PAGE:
English-immersion (ESL)

Taught in English only in special classes

Part-time ESL programs are least effective

Bilingual education

Taught academic subjects in native language while learning English;  Switch to English once proficient

Children who remained in bilingual programs until 6th grade caught up with or surpassed native-speaking peers


Non-English and English speakers taught together using both languages

Values both languages;  Builds self-confidence and self-esteem

English speakers learn foreign language during critical period

Most successful approach

School: Reading

Debate over teaching of reading

Two major approaches

Code-based approaches emphasize phonics

Whole-language approaches emphasize writing & literature

The National Research Council, in a landmark decision in 1998, argued that the optimum approach was to use a combination of elements from both approaches.

School:  Multicultural Education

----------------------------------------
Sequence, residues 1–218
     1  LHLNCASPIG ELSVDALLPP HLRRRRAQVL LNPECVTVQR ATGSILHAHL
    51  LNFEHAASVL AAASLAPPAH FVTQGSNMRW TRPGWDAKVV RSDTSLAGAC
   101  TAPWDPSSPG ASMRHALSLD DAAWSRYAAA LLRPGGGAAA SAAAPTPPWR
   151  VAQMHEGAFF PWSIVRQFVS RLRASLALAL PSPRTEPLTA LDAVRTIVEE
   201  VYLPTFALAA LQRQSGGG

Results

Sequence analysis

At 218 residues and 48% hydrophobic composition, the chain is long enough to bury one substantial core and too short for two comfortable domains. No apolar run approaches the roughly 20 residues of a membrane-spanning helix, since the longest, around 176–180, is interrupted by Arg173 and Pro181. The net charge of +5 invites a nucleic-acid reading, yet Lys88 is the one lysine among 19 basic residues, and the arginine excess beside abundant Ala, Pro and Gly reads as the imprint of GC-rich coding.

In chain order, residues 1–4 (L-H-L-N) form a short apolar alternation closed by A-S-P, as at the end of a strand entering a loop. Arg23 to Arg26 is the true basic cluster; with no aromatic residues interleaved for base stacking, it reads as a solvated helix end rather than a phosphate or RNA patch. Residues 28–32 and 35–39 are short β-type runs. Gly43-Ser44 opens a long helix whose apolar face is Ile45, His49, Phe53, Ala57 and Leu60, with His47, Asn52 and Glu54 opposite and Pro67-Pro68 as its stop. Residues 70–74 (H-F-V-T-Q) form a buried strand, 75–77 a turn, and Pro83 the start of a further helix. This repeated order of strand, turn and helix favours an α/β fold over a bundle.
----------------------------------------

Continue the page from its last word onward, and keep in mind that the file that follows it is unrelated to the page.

Cultural assimilation model

Melting pot

Adopt dominant culture

Pluralistic society model

Fruit salad

Preserve cultural features

Bicultural identity model

Learn both dominant & individual cultures

School Achievement Influences






Interest, attention, active participation are associated with higher achievement test scores

1st grade is critical to form good learning habits

Empathy creates positive social environment that contributes to cognitive achievement

Depression and aggression lead to problems with schoolwork;  bi-directional link


Intrinsic motivation works best

Interest in work itself  develops from praise for ability and hard work, not praise for grades